Spain’s model monarchy shoots itself in the foot.
King Juan Carlos’s solidarity with austerity-hit subjects collapses amid hunting trips, corruption claims and bedroom intrigue.
They were once the star royal family of Europe, seen as hard-working, frugal, modern and genuinely popular among ordinary Spaniards who adored King Juan Carlos as the great bringer of democracy.
But now Spain‘s royals have revealed an ability to shoot themselves in the foot, both literally and metaphorically, in a way that has left angry citizens wondering if they even notice how ordinary people are suffering.
As unemployment reached 24%, austerity measures bit and the economy headed back towards double-dip recession, the 74-year-old monarch had publicly claimed he lay in bed at night worrying about the plight of the young jobless. But a fall as he walked to the bathroom in an exclusive safari camp in Botswana, where he had gone to shoot elephants, water buffaloes and other exotic animals, has revealed a different story.
While Spaniards desperately sought work or struggled to meet basic needs, the king was on a hush-hush, all-expenses-paid hunting trip, blasting at animals in one of the world’s most exotic landscapes – Botswana’s Okavango delta.
His big-game-slaying holiday was estimated to cost €10,000 (£8,000) a day, with a Syrian businessman close to the Saudi royal family rumoured to be picking up the tab.
It was not the kind of thing Spaniards wanted to hear as the government announced health and education cuts and fears grew of a bailout accompanied by years of harsh austerity.
“We all have to tighten our belts a bit because of the difficult times for the economy,” the king had told them over the summer, as he backed austerity.
The hunting trip was just the latest in a series of gaffes which have seen Spain’s normally respectful press tear up a decades-old deal not to scrutinise the royal family.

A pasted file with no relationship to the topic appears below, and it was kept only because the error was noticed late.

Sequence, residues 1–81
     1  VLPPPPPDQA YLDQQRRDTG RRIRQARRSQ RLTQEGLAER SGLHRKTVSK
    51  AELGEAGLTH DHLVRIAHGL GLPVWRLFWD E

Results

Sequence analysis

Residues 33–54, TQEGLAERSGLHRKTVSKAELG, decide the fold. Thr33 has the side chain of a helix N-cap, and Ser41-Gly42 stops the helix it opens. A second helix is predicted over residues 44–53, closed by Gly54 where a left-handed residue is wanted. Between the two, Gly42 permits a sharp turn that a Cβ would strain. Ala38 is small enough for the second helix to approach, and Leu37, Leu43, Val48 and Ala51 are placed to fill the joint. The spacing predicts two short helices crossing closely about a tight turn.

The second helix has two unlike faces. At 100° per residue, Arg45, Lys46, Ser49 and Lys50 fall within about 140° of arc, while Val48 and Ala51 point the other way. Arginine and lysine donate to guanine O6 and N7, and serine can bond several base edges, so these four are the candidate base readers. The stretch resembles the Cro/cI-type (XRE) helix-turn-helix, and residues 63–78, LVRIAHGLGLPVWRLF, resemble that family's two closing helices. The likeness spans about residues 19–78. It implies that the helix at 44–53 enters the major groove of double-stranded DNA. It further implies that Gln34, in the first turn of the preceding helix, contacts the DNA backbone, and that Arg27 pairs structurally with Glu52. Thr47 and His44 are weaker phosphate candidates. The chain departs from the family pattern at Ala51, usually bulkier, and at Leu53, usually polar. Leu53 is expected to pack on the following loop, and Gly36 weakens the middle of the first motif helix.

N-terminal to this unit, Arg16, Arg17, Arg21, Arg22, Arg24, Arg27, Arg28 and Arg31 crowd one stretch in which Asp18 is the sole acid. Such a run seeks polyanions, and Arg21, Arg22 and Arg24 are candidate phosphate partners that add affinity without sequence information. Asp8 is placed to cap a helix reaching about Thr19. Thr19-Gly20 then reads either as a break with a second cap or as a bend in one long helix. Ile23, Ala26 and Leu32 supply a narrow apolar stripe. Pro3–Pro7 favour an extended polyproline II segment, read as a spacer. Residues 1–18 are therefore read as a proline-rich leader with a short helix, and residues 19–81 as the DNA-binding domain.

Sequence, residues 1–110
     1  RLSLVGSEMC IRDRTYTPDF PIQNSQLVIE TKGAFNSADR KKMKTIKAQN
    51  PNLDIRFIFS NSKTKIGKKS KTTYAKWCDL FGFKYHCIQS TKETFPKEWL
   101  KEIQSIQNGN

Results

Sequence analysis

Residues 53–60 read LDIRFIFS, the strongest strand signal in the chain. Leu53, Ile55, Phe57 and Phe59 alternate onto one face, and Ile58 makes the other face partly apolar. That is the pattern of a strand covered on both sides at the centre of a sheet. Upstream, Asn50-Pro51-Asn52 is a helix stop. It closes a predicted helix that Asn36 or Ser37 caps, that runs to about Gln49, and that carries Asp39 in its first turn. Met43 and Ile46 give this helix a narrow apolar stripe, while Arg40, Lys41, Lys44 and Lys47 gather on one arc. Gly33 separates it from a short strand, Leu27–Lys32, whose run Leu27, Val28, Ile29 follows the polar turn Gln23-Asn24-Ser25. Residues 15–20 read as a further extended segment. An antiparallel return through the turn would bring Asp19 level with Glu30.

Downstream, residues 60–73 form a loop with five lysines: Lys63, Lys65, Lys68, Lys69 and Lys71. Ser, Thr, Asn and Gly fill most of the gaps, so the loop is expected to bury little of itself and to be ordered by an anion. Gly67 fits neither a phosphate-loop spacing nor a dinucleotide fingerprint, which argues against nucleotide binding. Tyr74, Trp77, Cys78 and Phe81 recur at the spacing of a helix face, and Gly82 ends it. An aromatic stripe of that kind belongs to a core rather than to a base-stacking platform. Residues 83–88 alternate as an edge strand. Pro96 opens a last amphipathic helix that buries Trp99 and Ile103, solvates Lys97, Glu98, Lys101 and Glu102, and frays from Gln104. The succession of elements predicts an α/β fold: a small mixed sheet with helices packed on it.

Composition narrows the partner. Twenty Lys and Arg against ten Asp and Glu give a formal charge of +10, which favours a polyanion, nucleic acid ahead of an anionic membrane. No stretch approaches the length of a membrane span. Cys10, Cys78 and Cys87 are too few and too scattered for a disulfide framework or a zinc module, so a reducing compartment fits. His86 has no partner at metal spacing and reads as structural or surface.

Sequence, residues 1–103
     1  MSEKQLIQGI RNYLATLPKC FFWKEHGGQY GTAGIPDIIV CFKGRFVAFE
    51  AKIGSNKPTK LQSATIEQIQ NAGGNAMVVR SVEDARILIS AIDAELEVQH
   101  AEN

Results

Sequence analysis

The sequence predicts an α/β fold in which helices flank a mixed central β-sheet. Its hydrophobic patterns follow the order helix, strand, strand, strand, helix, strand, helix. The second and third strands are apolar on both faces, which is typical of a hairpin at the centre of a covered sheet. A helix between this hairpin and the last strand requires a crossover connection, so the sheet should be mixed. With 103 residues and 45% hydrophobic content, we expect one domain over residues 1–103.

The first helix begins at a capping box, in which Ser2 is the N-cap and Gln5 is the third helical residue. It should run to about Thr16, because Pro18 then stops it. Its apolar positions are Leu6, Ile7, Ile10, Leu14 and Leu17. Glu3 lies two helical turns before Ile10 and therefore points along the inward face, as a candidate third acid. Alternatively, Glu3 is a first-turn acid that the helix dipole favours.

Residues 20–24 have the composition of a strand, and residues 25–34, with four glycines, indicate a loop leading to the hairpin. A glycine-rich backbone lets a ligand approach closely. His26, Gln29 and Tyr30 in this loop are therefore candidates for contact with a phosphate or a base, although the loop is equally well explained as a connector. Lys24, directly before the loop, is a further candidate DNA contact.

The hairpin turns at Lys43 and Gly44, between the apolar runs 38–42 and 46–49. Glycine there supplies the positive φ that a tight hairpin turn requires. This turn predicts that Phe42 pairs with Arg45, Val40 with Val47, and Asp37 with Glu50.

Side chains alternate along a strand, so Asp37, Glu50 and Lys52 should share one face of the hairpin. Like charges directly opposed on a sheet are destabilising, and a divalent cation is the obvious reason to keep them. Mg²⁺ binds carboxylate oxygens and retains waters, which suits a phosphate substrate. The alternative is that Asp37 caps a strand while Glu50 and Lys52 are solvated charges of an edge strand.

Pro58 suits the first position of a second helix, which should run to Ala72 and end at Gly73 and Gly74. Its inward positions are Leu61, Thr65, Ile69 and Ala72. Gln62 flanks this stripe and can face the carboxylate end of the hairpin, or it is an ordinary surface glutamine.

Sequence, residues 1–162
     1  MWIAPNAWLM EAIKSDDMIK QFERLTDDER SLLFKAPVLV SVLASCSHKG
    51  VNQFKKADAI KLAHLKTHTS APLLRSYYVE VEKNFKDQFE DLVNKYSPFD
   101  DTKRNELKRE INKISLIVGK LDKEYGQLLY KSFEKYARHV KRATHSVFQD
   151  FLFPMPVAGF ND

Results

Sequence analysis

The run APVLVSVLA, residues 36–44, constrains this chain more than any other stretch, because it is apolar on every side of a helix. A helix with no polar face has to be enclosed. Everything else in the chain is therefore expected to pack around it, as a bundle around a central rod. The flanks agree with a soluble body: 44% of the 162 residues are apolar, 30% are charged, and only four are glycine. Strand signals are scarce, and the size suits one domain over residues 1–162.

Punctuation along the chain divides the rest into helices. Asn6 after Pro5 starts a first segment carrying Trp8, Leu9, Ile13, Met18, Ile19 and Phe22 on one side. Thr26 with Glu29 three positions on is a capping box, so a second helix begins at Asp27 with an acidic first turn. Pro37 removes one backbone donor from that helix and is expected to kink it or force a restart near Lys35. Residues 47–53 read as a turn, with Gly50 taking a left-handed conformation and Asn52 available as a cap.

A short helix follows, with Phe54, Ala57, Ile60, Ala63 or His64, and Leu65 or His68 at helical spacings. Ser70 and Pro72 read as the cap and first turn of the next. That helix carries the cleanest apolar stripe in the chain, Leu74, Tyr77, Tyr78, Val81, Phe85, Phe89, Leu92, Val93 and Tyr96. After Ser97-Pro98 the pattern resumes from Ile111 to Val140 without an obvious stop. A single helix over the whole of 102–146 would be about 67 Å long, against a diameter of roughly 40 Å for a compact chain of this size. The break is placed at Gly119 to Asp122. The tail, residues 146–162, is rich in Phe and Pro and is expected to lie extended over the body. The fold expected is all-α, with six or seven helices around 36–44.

That agreement had stayed in place since Juan Carlos inherited General Francisco Franco’s powers after the dictator’s death in 1975 and oversaw the restoration of monarchy and democracy. His role in quashing a 1981 coup attempt appeared to cement his position.
In recent months, however, the king has struggled to separate the monarchy from a corruption scandal surrounding his son-in-law Iñaki Urdangarín, Duke of Palma.
The duke, a former Olympic medal winner with Spain’s handball team, denies allegations that he used charities as fronts for taking millions of euros in public money, some of it hidden from tax authorities, so that he could cash in on his royal title by appearing at events alongside politicians.
“Everyone, especially those of us with public functions, must behave correctly, in an exemplary fashion,” the king solemnly declared in his Christmas broadcast as the scandal snowballed and the monarchy’s popularity tumbled in opinion polls.
He hired a new public relations chief, former El País columnist Javier Ayuso, with glowing pro-monarchy editorials appearing in the centre-left daily and other newspapers. The royal palace’s accounts were also made public in what Spaniards were told was a new era of transparency.
But Juan Carlos’s attempts at portraying his family as hard-working, humble and law-abiding had taken a blow when his 13-year-old grandson, Froilán Marichalar, shot himself through the foot with a 36-calibre shotgun just a few days before the Botswana incident.
Newspapers reported that Froilán was too young to use the shotgun legally, raising further questions about whether the royals felt normal rules did not apply to them.
“These people just don’t understand the reality of this country,” complained Mercedes Munarriz, a sound engineer. “They even seem to be running a perfect campaign against themselves.”
But it was the king’s Botswana fall, which required him to fly back for a hip operation in Madrid, that provoked an unprecedented torrent of criticism of a monarch unused to harsh words from the press or mainstream politicians.